Mechanical Attic Ventilation - When Going Natural Isn't Enough!
Part 2 of 2 (Return to Part 1 - Natural Attic Ventilation)
Mechanical attic venting...
If you have noticed any of the symptoms of inadequate ventilation as mentioned earlier and cannot increase ventilation through conventional means, you may be a candidate for one of the various mechanical attic ventilators. They all increase ventilation through the use of fans or turbines which forcefully remove air from the attic. As you will see, they work in concert with other vents to lower attic temperatures in the summer and also remove moisture in the winter.
Gable Mounted Ventilators...
Gable mounted ventilators are the simplest type to install, and can really increase the air flow through the attic. They are mounted inside of an existing gable vent, and in many cases require no carpentry at all to install. A typical unit can ventilate over 2000 square feet of attic space. You will need electrical skills, however, since these are powered units.
There is a second type of gable mounted ventilator that is mounted through the wall, with its own self-opening shutter system to prevent the entrance of bees, bats or other undesirables into your attic when not in use. These units require more advanced carpentry skills for installation but the reward is increased ventilation. Unlike the gable vent-mounted units, they do not have to blow through the gable vent's protective screening. As mentioned in the article on whole house exhaust fans, insect screening can decrease the total air flow through a vent by up to 25%!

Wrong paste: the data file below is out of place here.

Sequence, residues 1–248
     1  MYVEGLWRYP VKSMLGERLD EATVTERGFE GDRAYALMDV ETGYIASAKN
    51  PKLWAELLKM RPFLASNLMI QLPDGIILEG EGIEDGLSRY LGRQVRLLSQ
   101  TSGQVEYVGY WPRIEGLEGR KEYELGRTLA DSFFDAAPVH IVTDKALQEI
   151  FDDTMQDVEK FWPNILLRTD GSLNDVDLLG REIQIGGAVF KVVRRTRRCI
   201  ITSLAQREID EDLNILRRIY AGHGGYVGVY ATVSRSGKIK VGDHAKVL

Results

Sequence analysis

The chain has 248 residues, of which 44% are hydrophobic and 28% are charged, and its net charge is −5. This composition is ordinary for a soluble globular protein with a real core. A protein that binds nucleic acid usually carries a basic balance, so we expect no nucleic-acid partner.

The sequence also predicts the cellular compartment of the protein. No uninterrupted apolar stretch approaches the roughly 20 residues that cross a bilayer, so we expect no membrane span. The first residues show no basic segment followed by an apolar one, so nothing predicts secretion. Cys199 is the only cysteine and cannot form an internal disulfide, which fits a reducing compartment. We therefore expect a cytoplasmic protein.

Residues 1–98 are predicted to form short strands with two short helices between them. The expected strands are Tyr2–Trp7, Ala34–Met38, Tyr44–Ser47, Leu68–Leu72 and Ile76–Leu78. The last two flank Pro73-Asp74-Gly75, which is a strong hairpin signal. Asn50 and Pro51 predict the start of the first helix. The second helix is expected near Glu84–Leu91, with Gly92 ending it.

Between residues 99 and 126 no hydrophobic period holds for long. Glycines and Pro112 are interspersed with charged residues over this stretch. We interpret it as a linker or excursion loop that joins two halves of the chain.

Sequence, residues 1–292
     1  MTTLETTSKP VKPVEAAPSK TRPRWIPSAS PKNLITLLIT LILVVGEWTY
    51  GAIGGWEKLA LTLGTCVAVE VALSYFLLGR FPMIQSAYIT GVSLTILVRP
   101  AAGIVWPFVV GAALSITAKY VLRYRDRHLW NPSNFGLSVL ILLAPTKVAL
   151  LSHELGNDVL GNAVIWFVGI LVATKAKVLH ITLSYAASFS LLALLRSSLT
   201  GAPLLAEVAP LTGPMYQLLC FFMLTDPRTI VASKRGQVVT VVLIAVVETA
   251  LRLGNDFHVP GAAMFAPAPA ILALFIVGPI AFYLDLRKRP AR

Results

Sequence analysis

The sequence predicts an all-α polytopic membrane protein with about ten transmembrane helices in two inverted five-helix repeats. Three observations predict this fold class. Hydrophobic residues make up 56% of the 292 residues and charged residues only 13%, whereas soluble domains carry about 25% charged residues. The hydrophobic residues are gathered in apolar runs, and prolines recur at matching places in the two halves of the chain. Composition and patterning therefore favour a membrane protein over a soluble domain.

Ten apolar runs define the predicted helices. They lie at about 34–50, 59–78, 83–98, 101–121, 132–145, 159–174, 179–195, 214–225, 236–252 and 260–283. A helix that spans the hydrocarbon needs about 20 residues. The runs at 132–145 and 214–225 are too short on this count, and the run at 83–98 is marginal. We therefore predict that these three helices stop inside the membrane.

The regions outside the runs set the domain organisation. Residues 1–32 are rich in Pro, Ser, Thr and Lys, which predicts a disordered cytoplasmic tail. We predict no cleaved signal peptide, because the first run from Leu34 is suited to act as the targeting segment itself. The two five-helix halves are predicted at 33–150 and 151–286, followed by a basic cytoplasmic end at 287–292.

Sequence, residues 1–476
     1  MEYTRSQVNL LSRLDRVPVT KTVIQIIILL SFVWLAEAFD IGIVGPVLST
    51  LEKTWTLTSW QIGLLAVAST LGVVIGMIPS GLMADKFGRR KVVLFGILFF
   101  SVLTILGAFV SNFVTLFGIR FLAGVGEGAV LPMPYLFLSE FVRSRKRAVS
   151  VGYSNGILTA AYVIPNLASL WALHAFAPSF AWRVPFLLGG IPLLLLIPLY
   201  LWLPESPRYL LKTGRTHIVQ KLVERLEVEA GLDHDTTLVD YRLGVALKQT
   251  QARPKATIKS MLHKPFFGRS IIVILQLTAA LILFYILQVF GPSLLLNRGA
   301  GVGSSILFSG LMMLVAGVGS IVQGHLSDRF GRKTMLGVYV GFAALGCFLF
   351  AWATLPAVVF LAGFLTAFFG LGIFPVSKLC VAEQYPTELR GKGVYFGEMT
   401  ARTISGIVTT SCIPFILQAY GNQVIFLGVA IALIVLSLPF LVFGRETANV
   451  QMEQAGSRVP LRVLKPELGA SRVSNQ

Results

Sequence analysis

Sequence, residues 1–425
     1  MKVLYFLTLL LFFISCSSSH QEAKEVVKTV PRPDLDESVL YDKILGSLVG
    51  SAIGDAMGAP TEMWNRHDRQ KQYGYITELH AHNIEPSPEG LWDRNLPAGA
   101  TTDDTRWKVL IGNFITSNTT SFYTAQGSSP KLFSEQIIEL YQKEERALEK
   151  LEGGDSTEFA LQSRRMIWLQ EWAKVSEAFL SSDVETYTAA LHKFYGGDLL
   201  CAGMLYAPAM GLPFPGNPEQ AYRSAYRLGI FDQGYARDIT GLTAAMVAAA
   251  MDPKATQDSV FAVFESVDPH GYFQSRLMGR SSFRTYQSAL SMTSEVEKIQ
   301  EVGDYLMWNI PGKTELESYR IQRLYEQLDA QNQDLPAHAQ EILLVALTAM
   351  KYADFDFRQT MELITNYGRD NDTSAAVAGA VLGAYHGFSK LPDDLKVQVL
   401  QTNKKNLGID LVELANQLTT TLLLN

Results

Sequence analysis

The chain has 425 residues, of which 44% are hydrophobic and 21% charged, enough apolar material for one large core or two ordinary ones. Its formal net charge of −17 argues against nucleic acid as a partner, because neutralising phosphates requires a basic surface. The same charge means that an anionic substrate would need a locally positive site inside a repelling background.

Roof Mounted Ventilators...
Roof mounted ventilators come in two flavors... powered and unpowered. Unpowered ventilators, also called turbine attic ventilators, rotate with the slightest breeze and cause a powerful updraft in the attic to effectively pump out the heated air. Varying in size from 12" up to 24" in diameter, the largest of these turbines can move as much air (with a little assist from Mother Nature's breath) as the most powerful electric ventilators!
Avoid steel ventilators... as Neil Young once sang "Rust never sleeps!" Instead insist on rust-proof aluminum or plastic ventilators. The SupaVent unit shown right is made from ABS plastic and is virtually indestructible! Supavent Turbine Ventilator graphic courtesy of Edmonds Industries Australia.
Powered roof mounted ventilators are the most effective ventilators available able to ventilate over 2500 square feet of attic floor space. They share the same two advantages of the turbine ventilators... the high mounting position allows them to most effectively suck out the heated air, and you have greater flexibility in choosing the mounting position... especially useful if your attic is "complicated" due to architectural design!
If your roof faces the right way (south-facing roofs are the best) you might be able to benefit from the energy saving features of a solar powered attic exhaust fan. Though not as powerful as the largest electric ventilators, solar units offer the advantages of zero energy cost during use. They are the most effective when needed the most since their fans increase in power and speed as the intensity of the sunlight increases. And even if you are "electrically challenged", there's no problem 'cause there's no wiring! Pictured right is the Fan-Attic Solar Ventilator.
Whole house exhaust fans as attic ventilators??